What led me to search for this story was the song Cold Missouri Waters by James Keelaghan. The lyrics follow:

My name is Dodge, but then you know that
It's written on the chart there at the foot end of the bed
They think I'm blind, I can't read it
I've read it every word, and every word it says is death
So, Confession - is that the reason that you came
Get it off my chest before I check out of the game
Since you mention it, well there's thirteen things I'll name
Thirteen crosses high above the cold Miss
Fred Shaw
Mar 20, 2017 rated it it was amazing  ·  review of another edition
"Young Men and Fire" is the true story of the tragic Mann Gulch forest fire on Aug 5, 1949, and the 13 Forest Service "Smoke Jumpers" who perished. These men were mostly young, some just teenagers who had experience parachuting and fighting forest fires. The author Norman MacLean of "A River Runs Through It", wrote this "report", as an old man near the end of his life, partly because he had been a forester early in his life and knew what it is like to be fighting forest fires, and because he gri ...more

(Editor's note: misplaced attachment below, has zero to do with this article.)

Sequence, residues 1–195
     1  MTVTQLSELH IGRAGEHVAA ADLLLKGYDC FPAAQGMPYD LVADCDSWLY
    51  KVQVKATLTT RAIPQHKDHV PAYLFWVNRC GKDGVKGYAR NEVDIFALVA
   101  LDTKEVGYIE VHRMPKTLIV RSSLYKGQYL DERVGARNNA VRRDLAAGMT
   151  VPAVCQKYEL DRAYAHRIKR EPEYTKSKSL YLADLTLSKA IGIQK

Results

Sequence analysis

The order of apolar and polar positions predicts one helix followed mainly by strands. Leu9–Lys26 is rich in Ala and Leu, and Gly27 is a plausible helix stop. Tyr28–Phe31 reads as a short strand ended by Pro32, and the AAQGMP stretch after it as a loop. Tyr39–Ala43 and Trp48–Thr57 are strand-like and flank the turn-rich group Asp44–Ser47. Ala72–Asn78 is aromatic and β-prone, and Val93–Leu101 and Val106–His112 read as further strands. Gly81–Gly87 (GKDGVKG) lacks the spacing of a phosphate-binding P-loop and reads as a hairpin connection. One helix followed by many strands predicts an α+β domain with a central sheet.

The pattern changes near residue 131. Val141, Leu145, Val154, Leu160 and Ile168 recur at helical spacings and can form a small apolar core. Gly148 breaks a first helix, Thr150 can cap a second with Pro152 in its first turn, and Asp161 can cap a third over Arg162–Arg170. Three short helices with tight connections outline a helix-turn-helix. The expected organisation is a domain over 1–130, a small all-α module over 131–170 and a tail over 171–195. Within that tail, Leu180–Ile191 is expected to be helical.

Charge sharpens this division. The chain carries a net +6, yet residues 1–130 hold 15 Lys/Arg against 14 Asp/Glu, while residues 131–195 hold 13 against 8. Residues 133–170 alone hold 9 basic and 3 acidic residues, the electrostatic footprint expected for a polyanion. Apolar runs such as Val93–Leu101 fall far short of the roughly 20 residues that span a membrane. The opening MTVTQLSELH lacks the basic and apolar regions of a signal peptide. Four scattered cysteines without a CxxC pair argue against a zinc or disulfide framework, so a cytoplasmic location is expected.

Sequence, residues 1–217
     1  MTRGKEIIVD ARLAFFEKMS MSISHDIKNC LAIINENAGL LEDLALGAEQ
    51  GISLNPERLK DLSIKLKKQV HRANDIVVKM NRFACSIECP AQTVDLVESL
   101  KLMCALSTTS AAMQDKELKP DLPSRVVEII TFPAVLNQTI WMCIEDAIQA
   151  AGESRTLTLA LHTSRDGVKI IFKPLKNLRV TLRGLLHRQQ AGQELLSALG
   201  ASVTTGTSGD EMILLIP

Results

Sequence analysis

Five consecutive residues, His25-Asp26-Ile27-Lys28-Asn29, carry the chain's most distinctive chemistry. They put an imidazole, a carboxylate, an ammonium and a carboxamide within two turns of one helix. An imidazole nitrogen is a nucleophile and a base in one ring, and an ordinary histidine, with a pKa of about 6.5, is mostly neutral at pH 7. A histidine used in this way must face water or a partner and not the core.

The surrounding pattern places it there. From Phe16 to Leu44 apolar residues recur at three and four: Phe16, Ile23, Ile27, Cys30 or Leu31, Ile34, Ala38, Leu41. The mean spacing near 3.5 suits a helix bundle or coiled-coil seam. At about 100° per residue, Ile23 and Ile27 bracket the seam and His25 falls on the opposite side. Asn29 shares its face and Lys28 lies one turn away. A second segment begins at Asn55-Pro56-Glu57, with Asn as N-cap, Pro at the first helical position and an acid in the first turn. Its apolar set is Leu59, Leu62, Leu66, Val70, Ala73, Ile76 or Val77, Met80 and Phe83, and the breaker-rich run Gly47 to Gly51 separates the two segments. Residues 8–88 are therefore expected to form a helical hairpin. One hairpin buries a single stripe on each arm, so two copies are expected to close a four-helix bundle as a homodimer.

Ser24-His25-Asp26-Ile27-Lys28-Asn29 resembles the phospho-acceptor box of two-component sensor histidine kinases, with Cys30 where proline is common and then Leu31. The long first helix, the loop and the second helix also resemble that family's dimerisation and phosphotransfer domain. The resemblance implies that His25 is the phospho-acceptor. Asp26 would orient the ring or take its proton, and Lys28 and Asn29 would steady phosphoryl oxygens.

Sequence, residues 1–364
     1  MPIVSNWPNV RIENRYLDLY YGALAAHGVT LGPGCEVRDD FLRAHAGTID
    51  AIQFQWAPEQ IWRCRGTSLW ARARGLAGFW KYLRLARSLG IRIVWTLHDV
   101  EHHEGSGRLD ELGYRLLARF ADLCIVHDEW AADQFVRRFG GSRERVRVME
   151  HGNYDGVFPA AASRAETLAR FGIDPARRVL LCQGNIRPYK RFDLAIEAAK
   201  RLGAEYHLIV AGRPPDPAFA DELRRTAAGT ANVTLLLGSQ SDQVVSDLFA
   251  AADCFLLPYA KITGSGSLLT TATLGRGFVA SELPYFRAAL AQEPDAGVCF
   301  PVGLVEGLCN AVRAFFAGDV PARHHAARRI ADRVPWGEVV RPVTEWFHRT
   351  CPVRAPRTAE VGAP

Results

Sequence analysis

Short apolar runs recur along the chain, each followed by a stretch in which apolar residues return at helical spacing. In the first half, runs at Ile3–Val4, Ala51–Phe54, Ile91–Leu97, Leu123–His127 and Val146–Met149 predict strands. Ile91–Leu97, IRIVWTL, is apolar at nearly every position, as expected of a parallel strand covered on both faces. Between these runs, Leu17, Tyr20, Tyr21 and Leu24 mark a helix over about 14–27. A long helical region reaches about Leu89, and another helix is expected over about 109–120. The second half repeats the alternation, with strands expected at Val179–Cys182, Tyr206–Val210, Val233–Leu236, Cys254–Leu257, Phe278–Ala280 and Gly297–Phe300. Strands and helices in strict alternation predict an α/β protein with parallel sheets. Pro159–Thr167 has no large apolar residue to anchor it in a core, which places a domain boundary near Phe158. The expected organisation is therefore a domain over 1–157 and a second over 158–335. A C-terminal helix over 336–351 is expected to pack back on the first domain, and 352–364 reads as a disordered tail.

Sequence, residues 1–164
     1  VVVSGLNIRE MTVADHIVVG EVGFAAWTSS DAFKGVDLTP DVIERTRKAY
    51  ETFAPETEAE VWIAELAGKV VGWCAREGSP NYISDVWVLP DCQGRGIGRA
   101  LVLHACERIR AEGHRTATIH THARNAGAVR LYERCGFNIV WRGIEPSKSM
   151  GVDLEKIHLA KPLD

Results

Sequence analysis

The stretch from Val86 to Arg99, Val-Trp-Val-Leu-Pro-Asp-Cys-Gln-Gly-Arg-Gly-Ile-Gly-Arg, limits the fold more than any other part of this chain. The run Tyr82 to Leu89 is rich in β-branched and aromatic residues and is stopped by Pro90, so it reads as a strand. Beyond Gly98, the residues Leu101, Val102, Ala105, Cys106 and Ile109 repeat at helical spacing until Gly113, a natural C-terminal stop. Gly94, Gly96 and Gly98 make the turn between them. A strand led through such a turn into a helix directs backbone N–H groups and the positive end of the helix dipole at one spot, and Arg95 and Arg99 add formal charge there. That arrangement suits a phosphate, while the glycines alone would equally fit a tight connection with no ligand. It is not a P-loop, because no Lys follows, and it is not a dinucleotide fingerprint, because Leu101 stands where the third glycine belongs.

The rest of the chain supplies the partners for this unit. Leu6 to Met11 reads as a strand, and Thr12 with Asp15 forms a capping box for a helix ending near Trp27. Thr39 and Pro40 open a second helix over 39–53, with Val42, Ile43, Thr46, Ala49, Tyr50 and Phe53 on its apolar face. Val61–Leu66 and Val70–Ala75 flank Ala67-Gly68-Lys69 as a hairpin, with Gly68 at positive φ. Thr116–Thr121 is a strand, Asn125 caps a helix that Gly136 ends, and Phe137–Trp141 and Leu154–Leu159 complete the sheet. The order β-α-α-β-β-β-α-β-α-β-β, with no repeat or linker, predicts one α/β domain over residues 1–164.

Sep 03, 2010 rated it really liked it
Shelves: fours-and-fives
Having grown up about 30 miles from Mann Gulch, in Helena, I think I'm probably more interested in the subject matter than most people. However, I thought this book was still really interesting even without having been to the Missouri River at Mann Gulch. During the school year, we would take field trips out to the Gates of the Mountains and take the tour boat, which turns around pretty much at Mann Gulch. When Maclean describes the change in mountain cliffs to prairie, I can see it so vividly. ...more
Cardyn Brooks
May 10, 2016 rated it it was amazing
Shelves: non-fiction
In Young Men and Fire, Norman Maclean's background as woodsman, scholar, and storyteller blends the perfect mix of wry pragmatism, scientific research, and compassionate narration. Having read The Big Burn first provided a deeper understanding of the context in which N.M. examines the Mann Gulch fire, the reach of its legacy, and the lives and deaths of the Smokejumpers sent to kill it in 1949.

The last section of Young Men and Fire refers to convergence multiple times and this term accurately d
Jul 23, 2013 rated it it was amazing